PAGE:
If it weren’t for £1bn worth of development taking place on the University of Manchester campus, this might seem a little heady. But as Bruntwood head of retail and leisure Toby Sproll explains, the masterplan is creating a virtuous circle for the surrounding area, which will also be home to the developer’s own ambitious mixed-use Circle Square scheme.
“The Oxford Road Corridor that backs on to the campus has been a major artery in the city for years, from north to south, in and out of the city,” says Sproll. “Historically, a lot of the institutions have faced away from the street, but these are being opened so that rather than being a place people just drive through, it’s going to be a destination in itself.
“The ambition is for this to become a leading knowledge quarter and we have to feed that knowledge with great places in which to live and socialise.”
If all goes to plan, by the time Circle Square is complete, the university’s own bold vision will have been realised. The £400m second phase of the project will see the completion of work on the Faculty of Medical and Human Sciences and Life Sciences and the Faculty of Engineering and Physical Sciences, as well as introduce a wave of new non-faculty facilities and public realm amenities.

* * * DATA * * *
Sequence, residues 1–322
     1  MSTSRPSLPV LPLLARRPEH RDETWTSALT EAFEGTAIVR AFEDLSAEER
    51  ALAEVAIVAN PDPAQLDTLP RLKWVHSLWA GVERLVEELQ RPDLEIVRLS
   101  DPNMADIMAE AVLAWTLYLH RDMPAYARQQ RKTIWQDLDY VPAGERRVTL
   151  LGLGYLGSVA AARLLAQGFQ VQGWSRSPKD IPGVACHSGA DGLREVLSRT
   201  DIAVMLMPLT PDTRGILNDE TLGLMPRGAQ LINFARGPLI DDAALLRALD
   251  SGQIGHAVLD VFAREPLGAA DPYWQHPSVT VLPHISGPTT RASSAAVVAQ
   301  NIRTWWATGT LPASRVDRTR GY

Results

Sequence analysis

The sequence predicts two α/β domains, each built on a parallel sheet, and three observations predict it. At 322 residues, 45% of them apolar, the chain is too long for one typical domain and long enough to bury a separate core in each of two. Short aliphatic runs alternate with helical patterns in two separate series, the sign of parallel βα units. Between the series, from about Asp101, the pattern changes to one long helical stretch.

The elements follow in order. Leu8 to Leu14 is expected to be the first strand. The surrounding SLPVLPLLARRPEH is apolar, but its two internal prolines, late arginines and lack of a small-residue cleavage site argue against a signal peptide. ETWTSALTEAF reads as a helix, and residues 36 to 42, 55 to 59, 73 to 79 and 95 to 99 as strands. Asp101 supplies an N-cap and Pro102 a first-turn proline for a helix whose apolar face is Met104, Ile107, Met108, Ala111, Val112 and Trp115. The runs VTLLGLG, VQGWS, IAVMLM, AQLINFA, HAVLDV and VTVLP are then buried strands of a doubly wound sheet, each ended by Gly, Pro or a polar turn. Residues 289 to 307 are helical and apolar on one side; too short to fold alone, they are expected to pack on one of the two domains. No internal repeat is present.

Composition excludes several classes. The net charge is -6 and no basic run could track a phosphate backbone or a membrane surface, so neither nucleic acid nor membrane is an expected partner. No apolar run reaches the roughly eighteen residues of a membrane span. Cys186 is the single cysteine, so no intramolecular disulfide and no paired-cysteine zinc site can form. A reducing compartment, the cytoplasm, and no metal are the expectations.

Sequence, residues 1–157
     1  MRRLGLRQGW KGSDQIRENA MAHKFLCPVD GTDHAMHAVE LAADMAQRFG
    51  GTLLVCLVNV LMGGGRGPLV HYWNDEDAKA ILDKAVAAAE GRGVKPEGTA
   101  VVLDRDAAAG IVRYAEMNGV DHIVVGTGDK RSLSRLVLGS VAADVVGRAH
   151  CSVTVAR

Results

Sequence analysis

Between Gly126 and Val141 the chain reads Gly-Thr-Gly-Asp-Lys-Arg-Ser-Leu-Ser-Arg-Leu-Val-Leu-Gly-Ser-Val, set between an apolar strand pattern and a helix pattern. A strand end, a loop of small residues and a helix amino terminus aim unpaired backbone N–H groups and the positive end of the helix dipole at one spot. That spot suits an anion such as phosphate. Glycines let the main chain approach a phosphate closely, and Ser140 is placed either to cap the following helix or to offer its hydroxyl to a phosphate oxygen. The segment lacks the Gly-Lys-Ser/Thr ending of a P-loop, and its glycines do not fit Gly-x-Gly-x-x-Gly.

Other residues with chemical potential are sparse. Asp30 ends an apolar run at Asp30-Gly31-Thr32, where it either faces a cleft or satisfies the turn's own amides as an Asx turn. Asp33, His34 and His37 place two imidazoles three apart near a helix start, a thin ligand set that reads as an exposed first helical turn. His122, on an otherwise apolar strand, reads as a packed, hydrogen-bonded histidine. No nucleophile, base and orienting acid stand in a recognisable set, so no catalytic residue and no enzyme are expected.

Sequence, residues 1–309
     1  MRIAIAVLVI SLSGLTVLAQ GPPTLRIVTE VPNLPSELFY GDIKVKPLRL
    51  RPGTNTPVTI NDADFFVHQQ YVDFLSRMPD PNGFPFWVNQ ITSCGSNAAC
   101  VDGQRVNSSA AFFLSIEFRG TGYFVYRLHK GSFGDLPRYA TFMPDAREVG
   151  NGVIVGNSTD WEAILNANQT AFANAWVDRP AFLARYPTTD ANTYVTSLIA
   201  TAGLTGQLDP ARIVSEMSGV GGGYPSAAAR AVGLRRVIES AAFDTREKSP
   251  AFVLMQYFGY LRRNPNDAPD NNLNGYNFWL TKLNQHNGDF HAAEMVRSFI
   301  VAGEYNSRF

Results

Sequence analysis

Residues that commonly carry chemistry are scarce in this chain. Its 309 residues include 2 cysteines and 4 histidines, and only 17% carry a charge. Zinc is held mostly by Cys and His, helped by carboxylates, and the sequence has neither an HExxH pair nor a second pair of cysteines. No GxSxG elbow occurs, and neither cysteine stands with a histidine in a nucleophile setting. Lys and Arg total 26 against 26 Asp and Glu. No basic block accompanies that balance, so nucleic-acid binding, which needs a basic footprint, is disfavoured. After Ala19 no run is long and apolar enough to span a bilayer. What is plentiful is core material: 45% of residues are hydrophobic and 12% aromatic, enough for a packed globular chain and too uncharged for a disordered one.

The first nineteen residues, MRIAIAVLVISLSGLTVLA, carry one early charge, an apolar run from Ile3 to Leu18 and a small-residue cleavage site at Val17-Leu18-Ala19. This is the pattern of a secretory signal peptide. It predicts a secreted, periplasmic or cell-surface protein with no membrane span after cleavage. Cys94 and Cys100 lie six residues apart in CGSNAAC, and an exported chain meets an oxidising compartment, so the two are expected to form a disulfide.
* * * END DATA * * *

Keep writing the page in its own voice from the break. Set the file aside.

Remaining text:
Just under 20 years after the city’s two big universities merged, the unification will be complete. At the time, the merger was known as one of the most rapid in British academic history - and, if it all goes to plan, this might just go down as one of the fastest physical overhauls in recent times.
Nonetheless, promising such a major programme of works in the centre of a city as large as Manchester is not easy, not least because academic calendars place unique time pressures on a project. The next 18 months will be critical for all involved.
Manchester Business School (MBS) does a lot to put the city on the map in its own right, with alumni in the business world including former Tesco boss Sir Terry Leahy and former BAE Systems chief executive Mike Turner.
The MBS is undergoing a phased revamp led by Bruntwood that will add new academic buildings, including a library; revitalise the existing Precinct retail area with 40,000 sq ft of retail and leisure; remove a bridge over Oxford Street; and create a new hotel next to the school.
Bruntwood’s Toby Sproll says the developer is looking to transform the retail element to ensure the school appeals not only to students, but also to Mancunians and visitors.
“The ambition is to have a really interesting mix of food and beverage that serves this interesting local population. We could have let it very quickly, but what we are doing is trying to get that perfect mix,” he says. “The university wants great services and great provisions for the students; there’s a fantastic population in the area and they wanted a more curated mix of tenants.”
16 August 2017